Simon Willison’s Weblog

Blogmarks tagged browsers in 2008

Filters: Type: blogmark × Year: 2008 × browsers ×

Getting OpenID Into the Browser. David Recordon makes the case for online identity management as a key browser feature (I like the “your browser is currently locked” concept), and argues that Gears is in a great position to deliver it. # 3rd December 2008, 10 am

The March of Access Control. The W3C Access Control specification is set to become a key technology in enabling secure cross-domain APIs within browsers, and since it addresses a legitimate security issue on the web I hope and expect it will be rolled out a lot faster than most other specs. # 19th November 2008, 8:40 am

and now... Opera. Jon Hicks is joining Opera as Senior Designer. I absolutely cannot wait to see what he comes up with there. # 9th October 2008, 6:39 pm

Chromium. Google Chrome is out! Here’s the open source project, including the code for the new V8 JavaScript virtual machine. # 2nd September 2008, 9:06 pm

A browser sniffing warning: The trouble with Acid3 and TinyMCE. Opera recommend “bug detection”, a step up from object detection and browser sniffing where your JavaScript includes mini unit test style fragments of code designed to test if buggy behaviour you are working around still affects the user’s browser. # 4th July 2008, 8:24 am

When Bugs Collide: Fixing Text Dimming in Firefox 2. Handy tips from Drew on fixing the glitchy text rendering in Firefox 2 when you animate opacity without breaking alpha-transparent PNGs in IE6. # 19th June 2008, 6:09 pm

Flirting with mime types [PDF] (via) Different browsers have different rules for which content types will be treated as active content (and hence could be vectors for XSS attacks). IE uses a blacklist rather than a whitelist and hence rendered active content for 696 of the tested content types. # 14th April 2008, 8:18 am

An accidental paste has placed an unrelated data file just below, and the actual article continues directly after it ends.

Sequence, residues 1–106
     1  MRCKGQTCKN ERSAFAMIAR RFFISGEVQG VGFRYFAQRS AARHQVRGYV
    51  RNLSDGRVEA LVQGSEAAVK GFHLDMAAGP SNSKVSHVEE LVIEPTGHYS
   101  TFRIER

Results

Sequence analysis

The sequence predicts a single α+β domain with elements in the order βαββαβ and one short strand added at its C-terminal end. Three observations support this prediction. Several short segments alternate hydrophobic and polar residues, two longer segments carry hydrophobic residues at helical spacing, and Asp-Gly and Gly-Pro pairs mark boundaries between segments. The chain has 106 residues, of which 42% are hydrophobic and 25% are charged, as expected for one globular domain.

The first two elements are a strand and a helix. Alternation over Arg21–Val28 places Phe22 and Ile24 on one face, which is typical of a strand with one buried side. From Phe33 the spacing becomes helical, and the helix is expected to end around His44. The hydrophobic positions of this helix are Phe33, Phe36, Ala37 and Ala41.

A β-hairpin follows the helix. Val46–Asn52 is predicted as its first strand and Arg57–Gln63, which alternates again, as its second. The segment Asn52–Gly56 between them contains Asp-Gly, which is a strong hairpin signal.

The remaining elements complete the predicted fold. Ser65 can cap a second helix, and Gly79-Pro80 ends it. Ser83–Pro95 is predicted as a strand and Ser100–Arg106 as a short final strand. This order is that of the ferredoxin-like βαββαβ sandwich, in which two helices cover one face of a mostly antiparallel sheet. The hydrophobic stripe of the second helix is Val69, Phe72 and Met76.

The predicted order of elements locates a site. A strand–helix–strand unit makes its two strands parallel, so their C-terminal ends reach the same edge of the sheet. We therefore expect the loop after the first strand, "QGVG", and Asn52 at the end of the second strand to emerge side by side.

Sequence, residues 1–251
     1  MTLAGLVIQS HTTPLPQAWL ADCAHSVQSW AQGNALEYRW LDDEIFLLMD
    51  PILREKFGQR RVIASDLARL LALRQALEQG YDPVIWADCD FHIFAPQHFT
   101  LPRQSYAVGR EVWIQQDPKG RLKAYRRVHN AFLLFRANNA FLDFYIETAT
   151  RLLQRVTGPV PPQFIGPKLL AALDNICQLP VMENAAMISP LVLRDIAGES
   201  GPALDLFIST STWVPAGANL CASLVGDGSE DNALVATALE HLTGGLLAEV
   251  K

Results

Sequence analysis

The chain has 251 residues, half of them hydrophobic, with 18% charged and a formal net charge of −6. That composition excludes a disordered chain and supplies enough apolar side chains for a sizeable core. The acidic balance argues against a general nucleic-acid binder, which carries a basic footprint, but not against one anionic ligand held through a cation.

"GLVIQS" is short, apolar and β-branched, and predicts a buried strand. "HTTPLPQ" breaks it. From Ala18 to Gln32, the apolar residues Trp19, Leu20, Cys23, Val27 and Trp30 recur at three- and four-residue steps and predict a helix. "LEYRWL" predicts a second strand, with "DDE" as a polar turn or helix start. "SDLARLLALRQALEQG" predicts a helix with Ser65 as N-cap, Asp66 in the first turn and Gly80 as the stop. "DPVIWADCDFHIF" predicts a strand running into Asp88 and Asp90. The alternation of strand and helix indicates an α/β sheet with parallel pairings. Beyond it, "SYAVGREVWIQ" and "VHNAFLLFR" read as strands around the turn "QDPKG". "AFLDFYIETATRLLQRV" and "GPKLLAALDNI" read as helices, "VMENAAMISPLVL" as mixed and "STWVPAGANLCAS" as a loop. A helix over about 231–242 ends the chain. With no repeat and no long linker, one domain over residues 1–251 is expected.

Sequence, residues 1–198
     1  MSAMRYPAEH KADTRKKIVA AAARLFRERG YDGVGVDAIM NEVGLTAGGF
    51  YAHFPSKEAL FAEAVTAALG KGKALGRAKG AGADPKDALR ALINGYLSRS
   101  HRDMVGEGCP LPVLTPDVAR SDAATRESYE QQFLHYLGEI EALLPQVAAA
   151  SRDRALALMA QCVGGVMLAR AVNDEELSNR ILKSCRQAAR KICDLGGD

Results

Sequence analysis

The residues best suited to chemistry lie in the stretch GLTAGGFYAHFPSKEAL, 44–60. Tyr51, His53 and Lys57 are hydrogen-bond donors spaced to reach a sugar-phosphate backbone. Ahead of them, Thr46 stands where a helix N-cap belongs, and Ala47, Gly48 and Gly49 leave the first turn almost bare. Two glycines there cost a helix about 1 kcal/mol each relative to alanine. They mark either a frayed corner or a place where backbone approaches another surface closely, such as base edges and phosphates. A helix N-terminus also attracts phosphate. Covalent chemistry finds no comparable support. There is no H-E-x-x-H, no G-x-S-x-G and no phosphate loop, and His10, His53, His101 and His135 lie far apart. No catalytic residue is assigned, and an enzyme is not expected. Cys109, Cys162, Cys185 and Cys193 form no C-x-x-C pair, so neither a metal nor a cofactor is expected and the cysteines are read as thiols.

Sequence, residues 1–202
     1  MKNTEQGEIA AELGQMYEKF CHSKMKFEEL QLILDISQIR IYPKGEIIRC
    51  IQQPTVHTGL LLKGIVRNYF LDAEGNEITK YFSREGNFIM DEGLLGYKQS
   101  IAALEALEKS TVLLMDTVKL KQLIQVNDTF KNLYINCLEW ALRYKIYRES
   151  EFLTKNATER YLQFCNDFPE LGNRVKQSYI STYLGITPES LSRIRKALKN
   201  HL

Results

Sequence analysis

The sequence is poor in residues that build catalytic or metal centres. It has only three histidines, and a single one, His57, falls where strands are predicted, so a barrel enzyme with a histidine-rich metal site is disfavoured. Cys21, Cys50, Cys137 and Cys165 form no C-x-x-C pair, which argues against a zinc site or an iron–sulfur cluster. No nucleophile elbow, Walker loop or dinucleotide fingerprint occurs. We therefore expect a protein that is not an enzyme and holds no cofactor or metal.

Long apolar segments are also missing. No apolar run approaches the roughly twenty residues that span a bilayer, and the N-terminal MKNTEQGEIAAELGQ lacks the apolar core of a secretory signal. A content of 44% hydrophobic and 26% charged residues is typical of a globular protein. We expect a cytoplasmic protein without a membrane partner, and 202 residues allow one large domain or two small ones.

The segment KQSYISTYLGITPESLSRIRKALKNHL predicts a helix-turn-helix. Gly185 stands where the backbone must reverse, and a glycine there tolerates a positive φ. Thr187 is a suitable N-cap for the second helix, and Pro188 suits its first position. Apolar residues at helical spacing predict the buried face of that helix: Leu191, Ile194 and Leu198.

Happy Run Some Old Web Browsers Day! jwz has recreated, the original home of the Mosaic Communications Corporation, using a snapshot from 21st October 1994 and a domain borrowed from current owner AOL. Also includes instructions on running 1994 Mosaic Netscape binaries under a modern Linux distro. # 31st March 2008, 5:54 pm

Opera and the Acid3 Test. Screenshot shows 100/100 (live code or it didn’t happen!)—Opera’s codebase must be in extremely good shape to fix so many issues so quickly. # 26th March 2008, 10:47 pm

IE8 speeds things up. Steve Souders notes that IE8 downloads script files in parallel before executing them sequentially, giving it a significant speed boost over other browsers that download sequentially. # 11th March 2008, 5:42 am

Sunsetting Quirks Mode. Apparently proper standards support in IE (or at least the IE8 renderer) will be triggered by the HTML5 doctype, providing an alternative to those who don’t wish to pollute their markup with an IE-specific meta tag. # 23rd January 2008, 2:56 pm

Legacy. James Bennett has what I think is the most interesting analysis of the X-UA-Compatible header to date. # 23rd January 2008, 2:14 pm

<META HTTP-EQUIV=“X-BALL-CHAIN”>. Mozilla hacker Robert O’Callahan discusses the technical implications of freezing copies of older rendering engines, including the increased footprint and the terrifying prospect of documents in different rendering modes communicating through iframes and the DOM. # 22nd January 2008, 6:55 pm

The versioning switch is not a browser detect. PPK: “In other words, the versioning switch does not have any of the negative effects of a browser detect.” # 22nd January 2008, 4:34 pm

Beyond DOCTYPE: Web Standards, Forward Compatibility, and IE8. This has huge implications for client-side web developers: IE 8 will include the ability to mark a page as “tested and compatible with the IE7 rendering engine” using an X-UA-Compatible HTTP header or http-equiv meta element. It’s already attracting a heated debate in the attached discussion. # 22nd January 2008, 12:40 pm